Merino wool is widely considered the cream of the crop: astonishingly fine and smooth, it can be almost like cotton to the touch (even keeping the wearer cool in hot weather); in fact some people who have a sensitivity to wool find they are able to wear merino comfortably. It also takes dye beautifully, so many merino yarns are available in an endless array of shades. Not a British breed this, most merino comes from down south: South Africa (my homeland, yet it’s so hard to find merino knitting yarn there — but that’s another story), New Zealand or Australia.
Sadly, the Australian merino industry has been blighted with controversy because of the practice of mulesing: removing a patch of skin around the tail (without anaesthetic) to prevent flystrike. I’m sometimes asked why I don’t boycott Australian merino until the practice is eliminated (which it will be by the end of 2010). The answer: I am not a sheep farmer. I am not comfortable in taking a stand on what seems to be a very complex issue (mulesing may be painful in the short run, but flystrike is nasty). And most importantly, I don’t think there’s much to be achieved by boycotting a practice that is already on the way out. The battle is already won! But if you do feel strongly about this — well, just wait until 2011, and then dive into a vat of lovely soft merino. It’s not long to wait now.
Anyway, once you’ve chosen your wool, the question is: what’s it good for? Diehard traditionalists would of course say: everything. And that’s almost true, at least as long as you match the breed to the garment (Shetland for shawls or cosy Aran pullovers; merino for close-fitting sweaters worn next to the skin). With so many options, let’s focus on what it’s best for.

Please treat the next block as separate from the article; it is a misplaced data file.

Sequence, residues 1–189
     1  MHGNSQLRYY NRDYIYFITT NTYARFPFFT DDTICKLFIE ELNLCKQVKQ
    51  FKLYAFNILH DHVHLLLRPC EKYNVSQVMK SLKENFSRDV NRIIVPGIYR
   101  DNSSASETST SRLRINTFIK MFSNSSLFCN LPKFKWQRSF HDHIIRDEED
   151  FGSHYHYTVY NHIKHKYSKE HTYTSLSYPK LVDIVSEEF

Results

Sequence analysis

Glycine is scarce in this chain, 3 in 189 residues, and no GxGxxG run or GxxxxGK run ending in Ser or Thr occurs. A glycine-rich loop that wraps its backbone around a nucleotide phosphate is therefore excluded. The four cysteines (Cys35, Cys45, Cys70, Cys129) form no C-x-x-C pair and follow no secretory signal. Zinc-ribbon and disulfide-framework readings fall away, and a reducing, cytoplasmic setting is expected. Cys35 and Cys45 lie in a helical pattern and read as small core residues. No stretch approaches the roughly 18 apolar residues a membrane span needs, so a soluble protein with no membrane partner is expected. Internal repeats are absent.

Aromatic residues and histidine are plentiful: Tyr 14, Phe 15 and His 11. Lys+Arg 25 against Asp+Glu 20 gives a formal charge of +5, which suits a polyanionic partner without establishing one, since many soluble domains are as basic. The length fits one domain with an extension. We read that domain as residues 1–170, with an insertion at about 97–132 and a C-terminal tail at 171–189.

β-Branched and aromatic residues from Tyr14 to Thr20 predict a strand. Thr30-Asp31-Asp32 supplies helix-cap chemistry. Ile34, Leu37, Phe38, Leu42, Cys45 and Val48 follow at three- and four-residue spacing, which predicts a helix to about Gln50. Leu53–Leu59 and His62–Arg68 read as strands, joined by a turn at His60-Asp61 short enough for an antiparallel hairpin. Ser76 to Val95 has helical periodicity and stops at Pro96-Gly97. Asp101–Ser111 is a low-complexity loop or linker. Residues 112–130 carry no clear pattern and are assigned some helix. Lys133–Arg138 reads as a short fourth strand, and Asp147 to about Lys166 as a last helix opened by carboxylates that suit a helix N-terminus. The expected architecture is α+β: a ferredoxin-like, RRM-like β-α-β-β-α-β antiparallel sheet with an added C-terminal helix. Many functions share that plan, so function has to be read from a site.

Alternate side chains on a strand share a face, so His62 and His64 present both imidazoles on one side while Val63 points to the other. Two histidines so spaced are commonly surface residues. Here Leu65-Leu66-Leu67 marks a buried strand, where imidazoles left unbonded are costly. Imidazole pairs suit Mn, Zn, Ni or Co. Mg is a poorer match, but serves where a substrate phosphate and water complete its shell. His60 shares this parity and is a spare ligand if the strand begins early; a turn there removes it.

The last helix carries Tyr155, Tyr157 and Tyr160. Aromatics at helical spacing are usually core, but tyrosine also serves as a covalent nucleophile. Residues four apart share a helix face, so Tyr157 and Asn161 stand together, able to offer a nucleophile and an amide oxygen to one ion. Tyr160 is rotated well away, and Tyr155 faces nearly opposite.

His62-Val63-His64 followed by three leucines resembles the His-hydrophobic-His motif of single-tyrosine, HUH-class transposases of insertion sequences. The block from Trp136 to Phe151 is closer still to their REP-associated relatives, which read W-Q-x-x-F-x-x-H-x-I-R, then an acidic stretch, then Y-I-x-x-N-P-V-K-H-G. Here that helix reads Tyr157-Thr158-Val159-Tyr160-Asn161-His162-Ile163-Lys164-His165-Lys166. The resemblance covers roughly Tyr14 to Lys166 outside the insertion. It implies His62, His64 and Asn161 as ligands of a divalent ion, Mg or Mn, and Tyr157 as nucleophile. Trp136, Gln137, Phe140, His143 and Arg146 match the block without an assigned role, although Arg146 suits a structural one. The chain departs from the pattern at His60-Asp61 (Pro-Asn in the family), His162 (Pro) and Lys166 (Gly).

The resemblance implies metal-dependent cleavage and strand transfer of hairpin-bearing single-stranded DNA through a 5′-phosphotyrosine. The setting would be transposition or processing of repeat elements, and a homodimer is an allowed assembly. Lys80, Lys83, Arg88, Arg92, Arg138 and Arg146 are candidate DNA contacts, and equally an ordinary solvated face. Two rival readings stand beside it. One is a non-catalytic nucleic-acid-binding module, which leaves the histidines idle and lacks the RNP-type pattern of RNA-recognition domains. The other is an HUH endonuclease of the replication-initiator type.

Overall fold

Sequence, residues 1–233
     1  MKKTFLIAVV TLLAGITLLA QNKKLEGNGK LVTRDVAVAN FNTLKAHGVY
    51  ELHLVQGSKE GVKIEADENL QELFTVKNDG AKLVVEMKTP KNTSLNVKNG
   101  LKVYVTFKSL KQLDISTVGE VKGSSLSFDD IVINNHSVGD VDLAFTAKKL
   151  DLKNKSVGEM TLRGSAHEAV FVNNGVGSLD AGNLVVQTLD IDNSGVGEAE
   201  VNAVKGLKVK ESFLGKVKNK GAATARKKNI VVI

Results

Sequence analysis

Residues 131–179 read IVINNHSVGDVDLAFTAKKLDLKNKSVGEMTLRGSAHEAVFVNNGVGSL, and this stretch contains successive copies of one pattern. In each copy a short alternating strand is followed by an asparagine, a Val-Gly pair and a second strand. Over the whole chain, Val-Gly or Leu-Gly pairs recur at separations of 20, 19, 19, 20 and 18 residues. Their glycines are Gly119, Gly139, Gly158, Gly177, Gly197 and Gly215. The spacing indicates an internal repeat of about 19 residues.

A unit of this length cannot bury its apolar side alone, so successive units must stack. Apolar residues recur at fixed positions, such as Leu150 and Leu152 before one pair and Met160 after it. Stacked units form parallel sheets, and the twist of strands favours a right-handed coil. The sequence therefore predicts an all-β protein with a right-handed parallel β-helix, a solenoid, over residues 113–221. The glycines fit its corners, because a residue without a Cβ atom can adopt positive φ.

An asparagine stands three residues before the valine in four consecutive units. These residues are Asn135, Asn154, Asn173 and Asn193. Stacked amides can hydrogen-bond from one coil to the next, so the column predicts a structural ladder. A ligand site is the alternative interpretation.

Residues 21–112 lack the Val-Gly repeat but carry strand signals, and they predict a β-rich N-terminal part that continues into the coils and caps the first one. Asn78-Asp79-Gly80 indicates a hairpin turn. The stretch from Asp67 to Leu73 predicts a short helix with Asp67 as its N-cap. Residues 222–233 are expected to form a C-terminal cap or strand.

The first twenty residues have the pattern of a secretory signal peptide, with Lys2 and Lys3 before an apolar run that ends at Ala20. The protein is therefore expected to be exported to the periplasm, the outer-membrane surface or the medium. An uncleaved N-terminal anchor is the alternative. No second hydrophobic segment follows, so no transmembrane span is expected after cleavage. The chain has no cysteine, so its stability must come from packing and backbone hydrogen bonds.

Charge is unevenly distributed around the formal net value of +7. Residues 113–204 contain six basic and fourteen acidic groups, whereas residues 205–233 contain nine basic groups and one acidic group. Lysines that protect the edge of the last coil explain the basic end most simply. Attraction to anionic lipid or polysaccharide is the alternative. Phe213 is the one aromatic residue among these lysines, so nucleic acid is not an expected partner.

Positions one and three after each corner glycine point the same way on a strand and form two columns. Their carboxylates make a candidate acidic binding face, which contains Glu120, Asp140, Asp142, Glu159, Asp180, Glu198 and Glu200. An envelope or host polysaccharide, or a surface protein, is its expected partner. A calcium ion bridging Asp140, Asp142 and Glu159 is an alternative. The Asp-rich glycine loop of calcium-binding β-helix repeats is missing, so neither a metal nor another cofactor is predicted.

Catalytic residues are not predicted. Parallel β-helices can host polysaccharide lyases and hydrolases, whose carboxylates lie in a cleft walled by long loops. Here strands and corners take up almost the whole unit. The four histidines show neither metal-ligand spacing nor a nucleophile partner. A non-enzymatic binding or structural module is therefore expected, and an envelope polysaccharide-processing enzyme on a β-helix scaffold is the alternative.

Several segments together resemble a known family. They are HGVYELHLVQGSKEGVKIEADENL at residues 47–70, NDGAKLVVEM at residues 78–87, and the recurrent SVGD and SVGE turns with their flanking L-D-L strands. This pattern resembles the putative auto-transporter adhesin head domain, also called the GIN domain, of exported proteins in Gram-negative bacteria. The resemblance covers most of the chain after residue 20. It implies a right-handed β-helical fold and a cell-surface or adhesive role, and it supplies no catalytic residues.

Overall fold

Possibly wool’s most distinctive advantage in knitting is its elasticity, making it perfect for cables and rib patterns (the knitted fabric will have great “memory”, returning to the shape originally created). It’s also perfect for Fair Isle colourwork, as the little fibres of the different strands will tend to stick to each other and keep the fabric fairly solid where colours change; this stickiness is especially vital if you’re doing something particularly bold, like steeking. (You know, I think this might be one of the few occasions when my love for merino might let me down. Never having been brave enough to steek, if I were to try it, I’d probably want to try a less supersmooth wool, like BFL.) And again, the elasticity is an advantage in Fair Isle as it will make it easier to block slightly puckered patches into shape.
Lace? Yup, wool can do lace too — very well as it happens, again thanks to that wonderful elasticity and the magic of blocking. A wool shawl will open out beautifully and stay there… at least until it goes in the wash.
Of course <a href="http://knitty.com/ISSUEwinter03/FEATfelthis.html"felting pretty much requires wool; nothing else will react quite so effectively to friction and hot water. (Take note laundryphobes: except for superwash — see below — wool is a cool-handwash-only product.) As a bonus, wool’s feltability means it’s easy to spit splice (see Eunny Jang’s steeking tutorial, linked above), leaving no ends to darn in!
And it’s hard to knit socks in yarn without at least some wool content to give them elasticity. (Though of course it can be done. Nothing is impossible to a determined knitter.) It goes without saying that hats, scarves and gloves are great friends of wool, as they’ll keep you warm and, best of all, dry when you most need it. (Any season that requires hats and scarves is a wool-friendly season!) So I guess it really is true… wool is perfect for anything!